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|Studio album by|
|Released||4 November 1981|
|Studio||Record Plant, Los Angeles, California|
Warner Bros. (US/Canada)
|Black Sabbath chronology|
|Singles from Mob Rules|
|The Rolling Stone Album Guide|||
Mob Rules is the 10th studio album by English heavy metal band Black Sabbath, released in November 1981. It followed 1980's Heaven and Hell, and it was the second and last Black Sabbath studio album to feature lead vocalist Ronnie James Dio prior to the 1992 album Dehumanizer.
Produced and engineered by Martin Birch, the album received an expanded edition release in 2010.
The first new recording Black Sabbath made after the Heaven and Hell album was a version of the title track "The Mob Rules" for the soundtrack of the film Heavy Metal. The track "E5150" is also heard in the film but not included on the soundtrack. According to guitarist Tony Iommi's autobiography Iron Man: My Journey Through Heaven & Hell with Black Sabbath, the band began writing and rehearsing songs for Mob Rules at a rented house in Toluca Lake in Los Angeles. Initially the band hoped to record in their own studio to save money and actually purchased a sound desk; but, according to Iommi, "We just couldn't get a guitar sound. We tried it in the studio. We tried it in the hallway. We tried it everywhere but it just wasn't working. We'd bought a studio and it wasn't working!" The band eventually recorded the album at the Record Plant in Los Angeles.
Mob Rules was the first Sabbath album to feature Vinny Appice on drums, who had replaced original member Bill Ward in the middle of the Heaven and Hell tour. Asked by Joe Matera in 2007 if working with a new drummer was jarring after so many years, bassist and lyricist Geezer Butler replied, "No, because Vinnie was a big fan of the band and loved Bill's playing. Bill was one of his favourite drummers and so he knew all his parts and my bass parts and he adjusted accordingly to everybody in the band. He was brilliant. He came in and totally filled in Bill's shoes."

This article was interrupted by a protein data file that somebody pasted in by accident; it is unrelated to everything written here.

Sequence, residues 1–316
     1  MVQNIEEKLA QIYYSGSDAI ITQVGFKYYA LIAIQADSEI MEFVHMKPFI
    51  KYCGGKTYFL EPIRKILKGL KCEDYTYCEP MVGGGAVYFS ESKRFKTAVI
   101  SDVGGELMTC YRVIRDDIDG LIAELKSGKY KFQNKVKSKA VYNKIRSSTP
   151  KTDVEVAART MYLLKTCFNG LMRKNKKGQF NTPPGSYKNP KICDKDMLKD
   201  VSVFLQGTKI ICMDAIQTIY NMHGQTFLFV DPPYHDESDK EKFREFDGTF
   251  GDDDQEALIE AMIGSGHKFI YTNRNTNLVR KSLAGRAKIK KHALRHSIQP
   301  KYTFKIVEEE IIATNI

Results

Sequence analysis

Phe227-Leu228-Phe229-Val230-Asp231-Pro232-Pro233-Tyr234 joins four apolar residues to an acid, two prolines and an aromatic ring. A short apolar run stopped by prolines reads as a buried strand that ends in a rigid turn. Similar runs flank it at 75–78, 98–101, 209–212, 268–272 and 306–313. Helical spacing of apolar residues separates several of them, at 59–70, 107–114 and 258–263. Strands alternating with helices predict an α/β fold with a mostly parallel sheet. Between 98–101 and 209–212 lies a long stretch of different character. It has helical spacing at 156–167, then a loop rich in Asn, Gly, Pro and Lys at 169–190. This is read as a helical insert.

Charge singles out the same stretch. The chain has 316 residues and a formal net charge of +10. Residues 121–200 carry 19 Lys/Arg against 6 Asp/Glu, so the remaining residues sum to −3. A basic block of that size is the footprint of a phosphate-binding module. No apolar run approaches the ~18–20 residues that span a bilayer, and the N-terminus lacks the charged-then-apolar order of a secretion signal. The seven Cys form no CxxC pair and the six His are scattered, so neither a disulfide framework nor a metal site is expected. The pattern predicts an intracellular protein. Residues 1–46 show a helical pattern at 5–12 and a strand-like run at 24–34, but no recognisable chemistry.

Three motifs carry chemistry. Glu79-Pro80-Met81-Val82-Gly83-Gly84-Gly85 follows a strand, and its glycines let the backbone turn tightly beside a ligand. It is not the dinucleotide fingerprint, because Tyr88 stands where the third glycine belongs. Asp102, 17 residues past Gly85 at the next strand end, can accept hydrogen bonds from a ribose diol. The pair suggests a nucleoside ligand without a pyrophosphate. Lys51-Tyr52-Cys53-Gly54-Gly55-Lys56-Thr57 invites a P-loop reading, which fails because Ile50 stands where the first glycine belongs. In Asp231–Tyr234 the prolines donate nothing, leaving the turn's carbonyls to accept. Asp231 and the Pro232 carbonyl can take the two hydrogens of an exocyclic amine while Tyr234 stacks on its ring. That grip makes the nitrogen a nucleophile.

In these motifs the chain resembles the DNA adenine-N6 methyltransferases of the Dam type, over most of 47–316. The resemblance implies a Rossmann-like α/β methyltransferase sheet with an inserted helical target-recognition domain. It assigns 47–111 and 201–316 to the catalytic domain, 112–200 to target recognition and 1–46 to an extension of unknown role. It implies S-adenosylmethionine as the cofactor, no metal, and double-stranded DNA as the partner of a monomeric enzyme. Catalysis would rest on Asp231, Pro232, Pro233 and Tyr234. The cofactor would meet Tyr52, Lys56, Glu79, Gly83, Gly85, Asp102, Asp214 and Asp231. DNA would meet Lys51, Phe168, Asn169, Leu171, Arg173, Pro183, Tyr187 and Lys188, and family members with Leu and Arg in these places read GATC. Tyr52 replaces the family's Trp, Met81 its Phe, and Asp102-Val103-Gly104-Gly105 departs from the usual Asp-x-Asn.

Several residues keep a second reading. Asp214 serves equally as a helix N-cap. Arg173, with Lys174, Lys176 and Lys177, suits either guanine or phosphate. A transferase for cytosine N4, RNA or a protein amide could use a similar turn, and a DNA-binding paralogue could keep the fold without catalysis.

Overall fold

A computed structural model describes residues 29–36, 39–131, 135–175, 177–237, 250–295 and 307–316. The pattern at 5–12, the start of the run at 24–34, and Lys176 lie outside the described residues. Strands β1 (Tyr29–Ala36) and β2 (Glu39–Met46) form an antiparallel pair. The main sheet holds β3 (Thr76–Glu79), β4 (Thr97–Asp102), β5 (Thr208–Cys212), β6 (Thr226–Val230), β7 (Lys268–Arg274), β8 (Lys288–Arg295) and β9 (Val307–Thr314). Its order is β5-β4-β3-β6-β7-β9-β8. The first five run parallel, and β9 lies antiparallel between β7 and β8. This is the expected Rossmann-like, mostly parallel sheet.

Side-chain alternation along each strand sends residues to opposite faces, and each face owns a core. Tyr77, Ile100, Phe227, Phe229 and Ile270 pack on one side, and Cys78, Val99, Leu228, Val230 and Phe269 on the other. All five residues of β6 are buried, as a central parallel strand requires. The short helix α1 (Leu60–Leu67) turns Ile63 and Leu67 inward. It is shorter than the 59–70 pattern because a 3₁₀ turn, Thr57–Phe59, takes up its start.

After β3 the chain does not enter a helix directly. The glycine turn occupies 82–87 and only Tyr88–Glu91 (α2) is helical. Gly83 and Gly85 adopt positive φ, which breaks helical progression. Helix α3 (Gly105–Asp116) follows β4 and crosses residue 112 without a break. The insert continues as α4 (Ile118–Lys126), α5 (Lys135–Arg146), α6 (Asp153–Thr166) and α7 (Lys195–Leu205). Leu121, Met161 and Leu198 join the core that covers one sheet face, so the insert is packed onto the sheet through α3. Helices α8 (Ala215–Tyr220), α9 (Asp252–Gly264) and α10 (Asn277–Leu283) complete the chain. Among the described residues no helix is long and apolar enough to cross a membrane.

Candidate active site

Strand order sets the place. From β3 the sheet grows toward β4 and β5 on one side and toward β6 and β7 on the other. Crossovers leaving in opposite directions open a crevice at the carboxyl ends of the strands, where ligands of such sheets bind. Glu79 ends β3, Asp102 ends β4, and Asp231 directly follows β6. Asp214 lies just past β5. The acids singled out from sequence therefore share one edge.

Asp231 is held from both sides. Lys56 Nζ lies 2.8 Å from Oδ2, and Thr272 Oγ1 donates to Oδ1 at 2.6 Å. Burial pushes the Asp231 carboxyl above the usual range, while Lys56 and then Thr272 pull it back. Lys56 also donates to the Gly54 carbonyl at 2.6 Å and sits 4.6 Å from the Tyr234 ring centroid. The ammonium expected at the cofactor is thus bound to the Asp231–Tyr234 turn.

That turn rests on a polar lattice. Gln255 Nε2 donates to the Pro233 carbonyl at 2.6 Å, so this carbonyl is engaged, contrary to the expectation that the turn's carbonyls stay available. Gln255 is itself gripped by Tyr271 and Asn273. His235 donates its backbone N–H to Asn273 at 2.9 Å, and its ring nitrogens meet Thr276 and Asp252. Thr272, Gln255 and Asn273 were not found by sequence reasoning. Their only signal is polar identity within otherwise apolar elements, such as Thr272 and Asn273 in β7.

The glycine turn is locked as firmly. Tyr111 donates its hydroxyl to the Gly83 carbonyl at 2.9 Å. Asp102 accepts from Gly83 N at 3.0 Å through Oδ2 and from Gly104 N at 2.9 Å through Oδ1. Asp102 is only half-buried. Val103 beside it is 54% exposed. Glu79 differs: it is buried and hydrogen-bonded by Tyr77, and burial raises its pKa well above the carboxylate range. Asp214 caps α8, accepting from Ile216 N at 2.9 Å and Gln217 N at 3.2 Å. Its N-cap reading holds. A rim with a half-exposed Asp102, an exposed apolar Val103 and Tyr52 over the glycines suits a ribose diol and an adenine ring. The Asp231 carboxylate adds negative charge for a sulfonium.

In an interview for the concert film Neon Nights: 30 Years of Heaven and Hell, Butler cites "The Sign of the Southern Cross" as his favourite Mob Rules track because "it gave me a chance to experiment with some bass effects". The album was the last time the band worked with producer and engineer Martin Birch, who went on to work with Iron Maiden until his retirement in 1992. Iommi explained to Guitar World in 1992, "We were all going through a lot of problems at that time, most of it related to drugs. Even the producer, Martin Birch, was having drug problems, and it hurt the sound of that record. Once that happens to your producer, you’re really screwed."
Mob Rules would be singer Ronnie James Dio's second and final studio recording with Black Sabbath until the Mob Rules-era line-up reunited for 1992's Dehumanizer. The seeds of discontent appear to have sprouted when Dio was offered a solo deal by Warner Brothers, with Iommi stating in his memoir, "After the (Heaven and Hell) record became such a great success, Warner Brothers extended the contract at the same time, offering Ronnie a solo deal. That felt a bit odd to us, because we were a band and we didn't want to separate anybody." Dio confided in an interview on the Neon Nights: 30 Years of Heaven and Hell DVD that the recording of Mob Rules was far more difficult for him than Heaven and Hell because "we approached the writing very much differently than the first one. Geezer had gone so we wrote in a very controlled environment in a living room with little amplifiers. And with Mob Rules we hired a studio, turned up as loud as possible and smashed through it all. So it made for a different kind of an attitude".
Iommi reflected to Guitar World in 1992, "Mob Rules was a confusing album for us. We started writing songs differently for some reason, and ended up not using a lot of really great material. That line-up was really great, and the whole thing fell apart for very silly reasons — we were all acting like children." The major problem, noted by Mick Wall in his book Black Sabbath: Symptom of the Universe, was that the balance of power within the band had shifted: "With Bill and Ozzy happy to leave the heavy lifting to Tony and Geezer, in terms of songwriting, coming into the studio only when they were called, even as their flair deserted them over the final, dismal Ozzy-era albums, at least everybody knew where they stood. Now, though, the creative chemistry had shifted."